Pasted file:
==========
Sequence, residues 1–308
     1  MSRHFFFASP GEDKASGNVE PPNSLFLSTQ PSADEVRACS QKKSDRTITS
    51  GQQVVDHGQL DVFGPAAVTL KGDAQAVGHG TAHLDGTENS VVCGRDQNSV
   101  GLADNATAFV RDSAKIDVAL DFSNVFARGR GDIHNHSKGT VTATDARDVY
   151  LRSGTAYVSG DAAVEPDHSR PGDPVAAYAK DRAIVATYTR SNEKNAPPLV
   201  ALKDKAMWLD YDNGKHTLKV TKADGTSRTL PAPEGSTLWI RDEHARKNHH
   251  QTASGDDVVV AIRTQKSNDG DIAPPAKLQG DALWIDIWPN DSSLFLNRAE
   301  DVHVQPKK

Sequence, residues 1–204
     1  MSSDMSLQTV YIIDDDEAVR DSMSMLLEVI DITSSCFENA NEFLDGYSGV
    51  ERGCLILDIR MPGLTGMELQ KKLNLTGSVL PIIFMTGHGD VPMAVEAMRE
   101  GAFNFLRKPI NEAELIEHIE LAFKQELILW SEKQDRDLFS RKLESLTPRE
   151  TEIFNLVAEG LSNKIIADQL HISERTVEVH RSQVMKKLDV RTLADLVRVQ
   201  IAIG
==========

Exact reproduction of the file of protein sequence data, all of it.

Sequence, residues 1–308
     1  MSRHFFFASP GEDKASGNVE PPNSLFLSTQ PSADEVRACS QKKSDRTITS
    51  GQQVVDHGQL DVFGPAAVTL KGDAQAVGHG TAHLDGTENS VVCGRDQNSV
   101  GLADNATAFV RDSAKIDVAL DFSNVFARGR GDIHNHSKGT VTATDARDVY
   151  LRSGTAYVSG DAAVEPDHSR PGDPVAAYAK DRAIVATYTR SNEKNAPPLV
   201  ALKDKAMWLD YDNGKHTLKV TKADGTSRTL PAPEGSTLWI RDEHARKNHH
   251  QTASGDDVVV AIRTQKSNDG DIAPPAKLQG DALWIDIWPN DSSLFLNRAE
   301  DVHVQPKK

Sequence, residues 1–204
     1  MSSDMSLQTV YIIDDDEAVR DSMSMLLEVI DITSSCFENA NEFLDGYSGV
    51  ERGCLILDIR MPGLTGMELQ KKLNLTGSVL PIIFMTGHGD VPMAVEAMRE
   101  GAFNFLRKPI NEAELIEHIE LAFKQELILW SEKQDRDLFS RKLESLTPRE
   151  TEIFNLVAEG LSNKIIADQL HISERTVEVH RSQVMKKLDV RTLADLVRVQ
   201  IAIG